Using our new policy and messaging evaluation tool, the Policy Emotional Certainty Score (PECS), we find that emotional reinforcement in a new policy idea or campaign message is often evident, but in other cases there is a real disconnect between explicitly stated support and emotional connectivity.

The EU referendum is a great case in point – arguments about the perceived failure of ‘Project Fear’ have largely been impressionistic and assumptive, but our tests during the referendum campaign revealed that ‘Taking Back Control’ had twice the emotional power of ‘Project Fear’.

I didn’t know it at the time, but this was the single clue I had that Leave really were going to win (although to be fair, there was at least as much suggesting the alternative outcome). What we’re seeing here, at last, is not just artificial wordsmithing, but evidence that what people explicitly say can indeed sometimes be at odds with what they emotionally feel.

For now our concentration is on message and policy development, with the recent Budget being a great opportunity to cross-reference our new technique against conventional polling. For example, headline polling figures might make you think that the Tories should have stuck to their guns on National Insurance Contributions (NICs) for the self-employed. A third of the public supported the NIC measure to raise much needed funds (the same number against), so why not ride out the storm and collect the cash?

Few read party election manifestos these days, except political hacks, and breaking promises is what politicians do. The agenda would soon enough turn back to Labour’s performance. Wrong. Breaking a pledge is seen as a breach of trust, and measuring people’s emotional certainty on this matter provides compelling evidence for politicians never doing so.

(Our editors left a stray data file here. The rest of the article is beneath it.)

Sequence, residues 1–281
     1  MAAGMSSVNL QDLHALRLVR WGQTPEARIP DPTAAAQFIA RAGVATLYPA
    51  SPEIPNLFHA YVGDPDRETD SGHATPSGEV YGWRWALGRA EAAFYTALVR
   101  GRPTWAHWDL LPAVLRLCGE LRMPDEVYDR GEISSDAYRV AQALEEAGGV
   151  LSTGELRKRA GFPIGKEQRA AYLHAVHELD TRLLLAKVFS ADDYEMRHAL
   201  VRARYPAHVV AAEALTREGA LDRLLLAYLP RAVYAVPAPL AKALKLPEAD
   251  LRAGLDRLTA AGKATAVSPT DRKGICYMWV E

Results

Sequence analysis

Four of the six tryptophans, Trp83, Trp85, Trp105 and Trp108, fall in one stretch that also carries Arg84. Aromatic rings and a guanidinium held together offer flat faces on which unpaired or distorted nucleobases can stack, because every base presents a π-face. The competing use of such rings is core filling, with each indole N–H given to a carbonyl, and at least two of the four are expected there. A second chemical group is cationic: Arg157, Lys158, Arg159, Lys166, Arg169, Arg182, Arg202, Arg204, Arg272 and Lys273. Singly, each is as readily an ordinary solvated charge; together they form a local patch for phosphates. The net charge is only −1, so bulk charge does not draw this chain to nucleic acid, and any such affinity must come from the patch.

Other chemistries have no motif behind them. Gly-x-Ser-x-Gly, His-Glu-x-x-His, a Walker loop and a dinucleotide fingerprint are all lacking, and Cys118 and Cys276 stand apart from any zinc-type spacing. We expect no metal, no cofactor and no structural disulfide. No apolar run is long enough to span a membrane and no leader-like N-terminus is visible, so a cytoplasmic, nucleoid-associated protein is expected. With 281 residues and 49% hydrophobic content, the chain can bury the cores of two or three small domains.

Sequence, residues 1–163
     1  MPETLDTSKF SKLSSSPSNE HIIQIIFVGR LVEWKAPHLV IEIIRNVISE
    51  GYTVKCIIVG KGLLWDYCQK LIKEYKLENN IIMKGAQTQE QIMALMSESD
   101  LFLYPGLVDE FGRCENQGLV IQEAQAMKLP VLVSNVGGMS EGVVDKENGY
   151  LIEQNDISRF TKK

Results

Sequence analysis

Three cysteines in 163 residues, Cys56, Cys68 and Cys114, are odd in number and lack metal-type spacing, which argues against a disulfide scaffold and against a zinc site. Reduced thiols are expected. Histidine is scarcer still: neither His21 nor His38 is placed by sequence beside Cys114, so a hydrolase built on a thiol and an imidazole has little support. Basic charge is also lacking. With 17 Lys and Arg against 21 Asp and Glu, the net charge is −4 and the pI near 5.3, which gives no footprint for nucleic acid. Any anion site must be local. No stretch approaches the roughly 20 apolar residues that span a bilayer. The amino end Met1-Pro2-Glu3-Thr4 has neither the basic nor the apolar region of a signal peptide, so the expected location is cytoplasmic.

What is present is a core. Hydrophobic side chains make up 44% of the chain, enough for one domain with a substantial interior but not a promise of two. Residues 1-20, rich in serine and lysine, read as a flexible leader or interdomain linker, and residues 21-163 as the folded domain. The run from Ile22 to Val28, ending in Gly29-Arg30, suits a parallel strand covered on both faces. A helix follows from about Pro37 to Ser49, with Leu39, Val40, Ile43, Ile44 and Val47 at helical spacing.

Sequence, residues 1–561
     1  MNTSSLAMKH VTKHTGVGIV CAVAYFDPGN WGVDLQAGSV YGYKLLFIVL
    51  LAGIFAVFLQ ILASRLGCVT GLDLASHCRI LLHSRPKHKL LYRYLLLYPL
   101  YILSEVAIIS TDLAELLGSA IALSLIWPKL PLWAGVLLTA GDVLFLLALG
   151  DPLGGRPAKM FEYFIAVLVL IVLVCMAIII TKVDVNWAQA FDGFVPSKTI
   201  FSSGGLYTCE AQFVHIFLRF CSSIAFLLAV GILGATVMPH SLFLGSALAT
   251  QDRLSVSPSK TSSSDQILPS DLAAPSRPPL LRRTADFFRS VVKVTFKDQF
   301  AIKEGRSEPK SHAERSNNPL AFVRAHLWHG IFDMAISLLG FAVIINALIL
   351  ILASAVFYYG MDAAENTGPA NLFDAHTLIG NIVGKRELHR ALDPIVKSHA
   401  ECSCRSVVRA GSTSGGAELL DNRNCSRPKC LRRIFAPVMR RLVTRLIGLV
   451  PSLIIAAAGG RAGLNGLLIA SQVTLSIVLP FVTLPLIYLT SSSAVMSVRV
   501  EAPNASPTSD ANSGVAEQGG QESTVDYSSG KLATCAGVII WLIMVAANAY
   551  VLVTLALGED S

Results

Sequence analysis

That third of the public who didn’t have much of a problem with it? Actually, when accounting for the emotional component the PECS Score indicated that only 5 (Indexed out of 100 ) could be counted on to be unconcerned by pledge-breaking. But there’s much more here. The social care crisis has touched a national nerve, and in confirmation the explicit score ICM found in support of raising a new £1billion for it ( 79%) was matched by the policy emotional commitment score ( 80 ).

The Sugar Tax, too, is as much an injection of energy to the emotional coffers as a post-lunch chocolate bar is to a tired child: 59% support it explicitly but this rises to 77 when we factor in the emotional component. And you know that age-old ropey premise about people being willing to pay extra in tax if the proceeds were ring-fenced for the NHS (but then voting for someone saying the opposite)? Guess what: 42% still say they would support this, but the PECS score plummets to only 15. Look forward to seeing that one on Jeremy Corbyn’s manifesto suicide note.

It gets even worse though for supporters of the Left: if you suggest that income tax would be the funding source and then put a figure of what it’ll cost you next to it, expect to see manifesto pledge-breaking levels of emotional emptiness.

You know what? Journalists, the public and even you dear reader, might not believe pollsters anymore, but all of a sudden we might not be so sure about you either.

Martin Boon is a director at ICM Unlimited